MH: This is a tough business and it behooves investors to stay one step ahead. One way to do that is to understand what's happening in the micro-cap space, whether an investor owns micro caps or not. The way I look at it, if you're investing in $500M market cap companies and higher, you need to follow what's happening in the micro-cap space because those companies are in categories and in a regulatory environment that impacts larger companies as well. Also, analysts covering the small companies give investors greater detail and insights into those categories. An analyst covering $25-30M market cap names is required to follow what's going on in the weeds, whereas these details may be less relevant to $3-5B market cap companies with a dozen products in the pipeline.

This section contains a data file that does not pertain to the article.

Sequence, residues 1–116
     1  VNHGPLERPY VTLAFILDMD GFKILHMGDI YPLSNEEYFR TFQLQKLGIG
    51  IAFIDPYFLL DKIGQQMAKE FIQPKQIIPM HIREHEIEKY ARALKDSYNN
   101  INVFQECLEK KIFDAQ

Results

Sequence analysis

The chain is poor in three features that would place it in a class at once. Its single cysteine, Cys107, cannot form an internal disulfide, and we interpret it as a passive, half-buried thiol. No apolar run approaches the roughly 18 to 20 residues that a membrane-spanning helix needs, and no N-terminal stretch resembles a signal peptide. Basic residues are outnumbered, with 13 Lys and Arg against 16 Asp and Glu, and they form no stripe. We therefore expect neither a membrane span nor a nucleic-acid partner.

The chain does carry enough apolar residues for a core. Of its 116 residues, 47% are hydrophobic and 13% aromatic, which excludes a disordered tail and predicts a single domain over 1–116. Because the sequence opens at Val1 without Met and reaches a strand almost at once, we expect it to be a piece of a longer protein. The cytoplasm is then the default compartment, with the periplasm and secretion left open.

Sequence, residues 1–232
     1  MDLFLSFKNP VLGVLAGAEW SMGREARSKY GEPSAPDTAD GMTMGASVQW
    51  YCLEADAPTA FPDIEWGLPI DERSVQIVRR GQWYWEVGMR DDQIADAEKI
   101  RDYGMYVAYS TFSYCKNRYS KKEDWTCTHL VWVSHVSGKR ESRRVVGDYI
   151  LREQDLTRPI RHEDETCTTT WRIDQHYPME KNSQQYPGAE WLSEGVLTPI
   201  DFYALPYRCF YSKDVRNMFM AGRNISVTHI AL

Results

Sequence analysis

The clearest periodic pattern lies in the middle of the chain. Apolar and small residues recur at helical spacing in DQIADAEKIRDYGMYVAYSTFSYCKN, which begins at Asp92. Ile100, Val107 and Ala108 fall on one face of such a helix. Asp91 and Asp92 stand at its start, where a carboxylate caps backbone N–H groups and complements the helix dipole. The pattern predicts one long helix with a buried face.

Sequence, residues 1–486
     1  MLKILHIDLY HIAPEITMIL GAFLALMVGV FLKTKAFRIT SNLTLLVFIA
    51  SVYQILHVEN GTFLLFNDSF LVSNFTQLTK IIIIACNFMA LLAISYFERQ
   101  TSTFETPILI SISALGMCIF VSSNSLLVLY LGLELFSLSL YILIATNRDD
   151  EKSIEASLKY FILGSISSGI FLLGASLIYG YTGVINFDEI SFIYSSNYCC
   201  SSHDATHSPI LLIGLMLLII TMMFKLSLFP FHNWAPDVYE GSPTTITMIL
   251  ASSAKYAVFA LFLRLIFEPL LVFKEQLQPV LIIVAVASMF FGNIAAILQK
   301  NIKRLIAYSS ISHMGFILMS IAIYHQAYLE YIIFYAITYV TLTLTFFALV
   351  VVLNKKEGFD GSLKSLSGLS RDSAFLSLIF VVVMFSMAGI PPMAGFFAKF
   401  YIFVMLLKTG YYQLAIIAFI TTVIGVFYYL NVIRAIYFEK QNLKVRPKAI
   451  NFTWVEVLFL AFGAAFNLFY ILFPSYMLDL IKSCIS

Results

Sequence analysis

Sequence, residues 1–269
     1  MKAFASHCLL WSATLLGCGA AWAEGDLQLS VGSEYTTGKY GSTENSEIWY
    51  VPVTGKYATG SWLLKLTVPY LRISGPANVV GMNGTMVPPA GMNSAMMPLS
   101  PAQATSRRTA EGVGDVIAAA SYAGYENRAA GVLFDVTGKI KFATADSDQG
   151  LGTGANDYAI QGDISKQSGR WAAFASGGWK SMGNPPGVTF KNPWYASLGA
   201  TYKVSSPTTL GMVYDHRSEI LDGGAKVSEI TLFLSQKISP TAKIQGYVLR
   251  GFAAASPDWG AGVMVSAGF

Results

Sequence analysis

TLSR: I have noticed more in-depth sellside research going on in micro-cap companies. It's really interesting to see an analyst do a 75-page report on a tiny valuation company, which is what I have seen in your coverage. What does this mean for this micro-cap biotech sector?
MH: I can't speak for others. I know that when I'm picking up a company, I go to the end of every road I possibly can before I feel like I've checked all the boxes imaginable. For instance, I had previously covered ADVENTRX Pharmaceuticals Inc. (ANX) -- you just referred to that 75-page report. I have picked it up again. I have taken a deeper look at it, and I believe ANX-188 [purified poloxamer 188] is going to succeed in sickle cell disease.